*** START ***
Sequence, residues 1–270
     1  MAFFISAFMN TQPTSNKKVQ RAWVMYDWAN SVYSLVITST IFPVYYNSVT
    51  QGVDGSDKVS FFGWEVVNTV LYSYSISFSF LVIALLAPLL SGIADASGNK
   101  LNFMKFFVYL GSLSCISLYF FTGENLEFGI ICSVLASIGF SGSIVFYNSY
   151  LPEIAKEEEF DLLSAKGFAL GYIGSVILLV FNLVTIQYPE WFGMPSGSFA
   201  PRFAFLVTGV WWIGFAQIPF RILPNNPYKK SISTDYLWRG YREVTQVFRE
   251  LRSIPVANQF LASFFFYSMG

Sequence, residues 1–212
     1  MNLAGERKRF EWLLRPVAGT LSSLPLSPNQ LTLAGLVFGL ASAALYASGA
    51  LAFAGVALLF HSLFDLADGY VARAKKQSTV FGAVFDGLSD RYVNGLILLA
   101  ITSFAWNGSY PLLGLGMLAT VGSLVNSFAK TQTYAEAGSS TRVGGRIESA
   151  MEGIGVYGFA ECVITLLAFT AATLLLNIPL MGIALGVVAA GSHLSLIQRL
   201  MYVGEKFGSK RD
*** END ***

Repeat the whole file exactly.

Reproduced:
Sequence, residues 1–270
     1  MAFFISAFMN TQPTSNKKVQ RAWVMYDWAN SVYSLVITST IFPVYYNSVT
    51  QGVDGSDKVS FFGWEVVNTV LYSYSISFSF LVIALLAPLL SGIADASGNK
   101  LNFMKFFVYL GSLSCISLYF FTGENLEFGI ICSVLASIGF SGSIVFYNSY
   151  LPEIAKEEEF DLLSAKGFAL GYIGSVILLV FNLVTIQYPE WFGMPSGSFA
   201  PRFAFLVTGV WWIGFAQIPF RILPNNPYKK SISTDYLWRG YREVTQVFRE
   251  LRSIPVANQF LASFFFYSMG

Sequence, residues 1–212
     1  MNLAGERKRF EWLLRPVAGT LSSLPLSPNQ LTLAGLVFGL ASAALYASGA
    51  LAFAGVALLF HSLFDLADGY VARAKKQSTV FGAVFDGLSD RYVNGLILLA
   101  ITSFAWNGSY PLLGLGMLAT VGSLVNSFAK TQTYAEAGSS TRVGGRIESA
   151  MEGIGVYGFA ECVITLLAFT AATLLLNIPL MGIALGVVAA GSHLSLIQRL
   201  MYVGEKFGSK RD